But Asian and Asian American activists and allies continue to leverage trans-Pacific solidarity to resist U.S. militarism. Here in California last October, through the dedicated efforts of Okinawan community activists and allies, Berkeley City Council became the first municipality in the U.S. to adopt a resolution standing with Okinawa in opposing the construction of a new U.S. base. Across the Pacific, 65,000 people rallied last week in Okinawa to demand the ouster of U.S. military bases, prompted by the alleged rape and murder of a young Japanese woman by a U.S. military contractor.

Tens of thousands gather to protest U.S. military bases in Okinawa on June 19, 2016. The posters read: “Our anger has exceeded its limit”.

Tens of thousands gather to protest U.S. military bases in Okinawa on June 19, 2016. The posters read: “Our anger has exceeded its limit”.

However, grassroots peace activists aren’t the only forces hindering U.S. attempts to consolidate power amongst its Pacific Rim allies. The “Comfort Women” issue is one of several decades-old unresolved wartime sticking points between Korea and Japan, undermining U.S. efforts to fortify U.S.-Korea-Japan military cooperation as a key pillar of the U.S.’s pivot to Asia. Every time Abe or other Japanese politicians undermine or flat-out deny its WWII crimes against its neighbors, Korea strikes back, reviving resentment and suspicion that exposes the ongoing political volatility in the region, despite the supposedly peaceful “post-war” era it has entered.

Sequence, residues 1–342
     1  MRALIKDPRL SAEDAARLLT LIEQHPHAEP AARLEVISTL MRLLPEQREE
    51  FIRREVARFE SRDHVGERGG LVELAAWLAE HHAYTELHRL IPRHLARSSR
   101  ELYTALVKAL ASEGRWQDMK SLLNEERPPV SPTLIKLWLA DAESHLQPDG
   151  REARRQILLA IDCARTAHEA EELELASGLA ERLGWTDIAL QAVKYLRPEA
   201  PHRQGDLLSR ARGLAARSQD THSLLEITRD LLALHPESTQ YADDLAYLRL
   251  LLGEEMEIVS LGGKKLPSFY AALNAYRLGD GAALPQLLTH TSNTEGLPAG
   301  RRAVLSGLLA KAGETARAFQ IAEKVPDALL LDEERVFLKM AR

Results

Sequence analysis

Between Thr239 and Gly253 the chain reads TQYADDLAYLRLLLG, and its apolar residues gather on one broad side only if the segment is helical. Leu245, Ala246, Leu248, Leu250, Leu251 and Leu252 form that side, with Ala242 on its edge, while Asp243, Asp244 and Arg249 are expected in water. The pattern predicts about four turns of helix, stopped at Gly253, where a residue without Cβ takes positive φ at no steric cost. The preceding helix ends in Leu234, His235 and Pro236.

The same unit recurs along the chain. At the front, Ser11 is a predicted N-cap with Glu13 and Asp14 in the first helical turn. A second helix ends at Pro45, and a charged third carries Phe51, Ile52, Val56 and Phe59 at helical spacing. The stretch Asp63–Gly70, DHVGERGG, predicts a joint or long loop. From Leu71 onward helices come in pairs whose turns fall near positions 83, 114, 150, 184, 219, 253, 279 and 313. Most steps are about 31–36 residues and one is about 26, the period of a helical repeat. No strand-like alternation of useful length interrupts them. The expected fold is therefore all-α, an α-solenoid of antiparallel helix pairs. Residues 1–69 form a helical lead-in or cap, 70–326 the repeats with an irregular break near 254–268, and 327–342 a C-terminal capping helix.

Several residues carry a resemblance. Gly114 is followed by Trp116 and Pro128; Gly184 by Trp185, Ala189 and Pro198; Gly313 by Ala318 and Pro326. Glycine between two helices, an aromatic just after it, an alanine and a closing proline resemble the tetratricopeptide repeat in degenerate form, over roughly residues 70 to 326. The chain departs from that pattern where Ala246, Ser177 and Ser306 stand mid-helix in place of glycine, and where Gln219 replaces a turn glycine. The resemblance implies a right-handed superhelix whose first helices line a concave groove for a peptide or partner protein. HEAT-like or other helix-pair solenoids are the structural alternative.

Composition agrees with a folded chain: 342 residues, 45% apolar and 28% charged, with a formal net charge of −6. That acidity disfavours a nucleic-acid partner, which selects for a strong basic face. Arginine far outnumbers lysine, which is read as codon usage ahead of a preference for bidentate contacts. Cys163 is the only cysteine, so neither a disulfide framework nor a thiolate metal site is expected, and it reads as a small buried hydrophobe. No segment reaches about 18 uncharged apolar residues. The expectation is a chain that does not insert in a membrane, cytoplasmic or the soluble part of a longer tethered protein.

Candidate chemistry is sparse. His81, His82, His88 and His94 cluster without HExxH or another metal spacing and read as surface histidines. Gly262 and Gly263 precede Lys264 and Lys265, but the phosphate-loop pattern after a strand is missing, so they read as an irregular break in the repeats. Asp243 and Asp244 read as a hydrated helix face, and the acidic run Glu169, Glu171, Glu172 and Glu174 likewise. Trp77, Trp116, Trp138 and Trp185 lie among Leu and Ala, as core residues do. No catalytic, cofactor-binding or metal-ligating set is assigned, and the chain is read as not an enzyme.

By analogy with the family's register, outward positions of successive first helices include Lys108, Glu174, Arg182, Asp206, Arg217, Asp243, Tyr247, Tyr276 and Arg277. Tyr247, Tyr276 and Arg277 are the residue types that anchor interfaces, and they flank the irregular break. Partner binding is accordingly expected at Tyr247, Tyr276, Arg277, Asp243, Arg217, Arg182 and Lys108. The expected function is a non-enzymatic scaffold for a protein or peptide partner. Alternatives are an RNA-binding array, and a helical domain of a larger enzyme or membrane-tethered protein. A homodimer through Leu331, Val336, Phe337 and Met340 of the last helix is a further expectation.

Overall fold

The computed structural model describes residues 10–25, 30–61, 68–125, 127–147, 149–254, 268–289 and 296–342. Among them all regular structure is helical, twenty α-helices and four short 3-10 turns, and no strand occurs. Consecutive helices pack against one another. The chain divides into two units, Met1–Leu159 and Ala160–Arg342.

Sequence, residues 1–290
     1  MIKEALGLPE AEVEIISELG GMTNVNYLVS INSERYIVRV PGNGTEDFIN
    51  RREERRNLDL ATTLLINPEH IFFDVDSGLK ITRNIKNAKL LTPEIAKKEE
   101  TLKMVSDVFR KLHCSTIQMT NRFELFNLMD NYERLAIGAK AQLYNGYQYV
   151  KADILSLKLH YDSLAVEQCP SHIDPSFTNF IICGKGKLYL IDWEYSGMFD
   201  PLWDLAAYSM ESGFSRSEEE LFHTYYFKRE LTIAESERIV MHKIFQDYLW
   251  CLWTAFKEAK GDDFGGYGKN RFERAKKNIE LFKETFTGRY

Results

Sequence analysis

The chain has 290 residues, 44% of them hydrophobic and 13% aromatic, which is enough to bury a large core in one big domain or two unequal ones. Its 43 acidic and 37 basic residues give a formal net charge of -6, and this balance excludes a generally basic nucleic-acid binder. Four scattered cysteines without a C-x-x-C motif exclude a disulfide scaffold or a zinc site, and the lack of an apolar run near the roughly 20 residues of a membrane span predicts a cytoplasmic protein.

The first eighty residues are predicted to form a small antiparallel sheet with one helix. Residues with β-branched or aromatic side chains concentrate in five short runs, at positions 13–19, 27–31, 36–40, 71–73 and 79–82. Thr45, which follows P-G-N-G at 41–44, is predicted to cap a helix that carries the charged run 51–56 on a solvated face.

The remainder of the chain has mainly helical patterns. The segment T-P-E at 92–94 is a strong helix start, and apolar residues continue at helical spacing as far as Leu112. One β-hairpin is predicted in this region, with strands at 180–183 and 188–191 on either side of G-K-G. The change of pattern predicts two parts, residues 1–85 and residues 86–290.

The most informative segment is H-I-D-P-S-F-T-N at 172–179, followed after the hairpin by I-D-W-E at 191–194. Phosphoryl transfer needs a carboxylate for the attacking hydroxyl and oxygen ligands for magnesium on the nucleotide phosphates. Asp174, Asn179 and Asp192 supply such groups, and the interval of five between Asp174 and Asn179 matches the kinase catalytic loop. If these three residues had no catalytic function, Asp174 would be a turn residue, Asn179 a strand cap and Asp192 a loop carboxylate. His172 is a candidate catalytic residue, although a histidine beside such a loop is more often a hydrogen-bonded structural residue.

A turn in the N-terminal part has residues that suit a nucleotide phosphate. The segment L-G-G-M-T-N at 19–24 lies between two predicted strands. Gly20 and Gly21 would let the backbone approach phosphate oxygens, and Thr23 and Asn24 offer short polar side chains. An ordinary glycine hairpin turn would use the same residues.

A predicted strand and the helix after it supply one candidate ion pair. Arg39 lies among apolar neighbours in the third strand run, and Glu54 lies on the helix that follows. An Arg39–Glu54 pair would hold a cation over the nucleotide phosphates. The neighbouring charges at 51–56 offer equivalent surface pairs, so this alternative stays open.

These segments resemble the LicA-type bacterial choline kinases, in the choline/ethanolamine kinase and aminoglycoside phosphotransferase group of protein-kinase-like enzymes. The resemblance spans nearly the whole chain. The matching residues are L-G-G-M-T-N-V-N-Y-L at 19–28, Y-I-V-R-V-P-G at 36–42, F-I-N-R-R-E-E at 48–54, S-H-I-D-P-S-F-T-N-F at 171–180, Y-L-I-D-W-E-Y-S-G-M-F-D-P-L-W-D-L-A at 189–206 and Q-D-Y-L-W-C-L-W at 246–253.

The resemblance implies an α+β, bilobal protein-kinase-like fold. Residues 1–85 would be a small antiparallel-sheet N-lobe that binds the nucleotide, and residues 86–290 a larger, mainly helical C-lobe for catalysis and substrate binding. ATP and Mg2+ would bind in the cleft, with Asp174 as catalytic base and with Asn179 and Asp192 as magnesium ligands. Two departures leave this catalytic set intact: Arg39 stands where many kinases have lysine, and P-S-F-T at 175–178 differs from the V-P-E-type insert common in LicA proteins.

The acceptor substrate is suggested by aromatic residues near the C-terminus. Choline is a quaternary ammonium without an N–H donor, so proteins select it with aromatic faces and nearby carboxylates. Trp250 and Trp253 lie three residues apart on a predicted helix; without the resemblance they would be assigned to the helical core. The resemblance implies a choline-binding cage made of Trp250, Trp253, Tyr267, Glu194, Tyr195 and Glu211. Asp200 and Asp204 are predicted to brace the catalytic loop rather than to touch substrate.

But the U.S. has not shied away from choosing sides in service to its policy agenda. In fact, senior U.S. diplomats have actively participated in Japan’s historical revisionism. The U.S. has carefully stewarded a bilateral agreement struck between South Korea and Japan in December 2015, lauded as a “final and irrevocable” settlement of the long-standing “Comfort Women” issue. Six months later, the terms of this agreement, initially hailed by leaders and pundits around the world, have yet to be implemented. Eclipse Rising, a U.S.-based Zainichi Korean (descendants of Korean colonial subjects of the Japanese empire born and raised in Japan today) social justice organization, called the “agreement” an “unjust silencing of the victims…and turns its back on the fundamental understanding of women’s rights as human rights.” The agreement prohibits Korea from ever again raising the issue of “Comfort Women” in international forums, robbing Korean victims of a legitimate international platform. In addition, though English language press widely described Japan’s payment of $8.3 million as “compensation,” Foreign Minister Kishida has insisted to the Japanese media it is simply “a Korea-Japan joint venture” investment, reducing this payment to mere hush money and evading the culpability connoted by “compensation.” This so-called settlement also leaves out any requirement on the part of Japan for ongoing documentation and education of Japan’s responsibility for its sexual slavery system. Is it not clear, then, that the only thing final and irrevocable in the agreement may be the banishment of “Comfort Women” from history?

U.S. officials have gone so far as to urge Korean Americans to stay quiet on the failings of the U.S.-brokered settlement. In an interview with the Japan’s national broadcaster NHK TV, U.S. Deputy Secretary of State Antony Blinken “called on Korean-American civic groups to support” the deal — immediately drawing the ire of Korean Americans and other “Comfort Women” advocates across the country. Curiously enough, Blinken’s comments do not align with the spirit of HR 121 that the U.S Congress adopted unanimously back in 2007.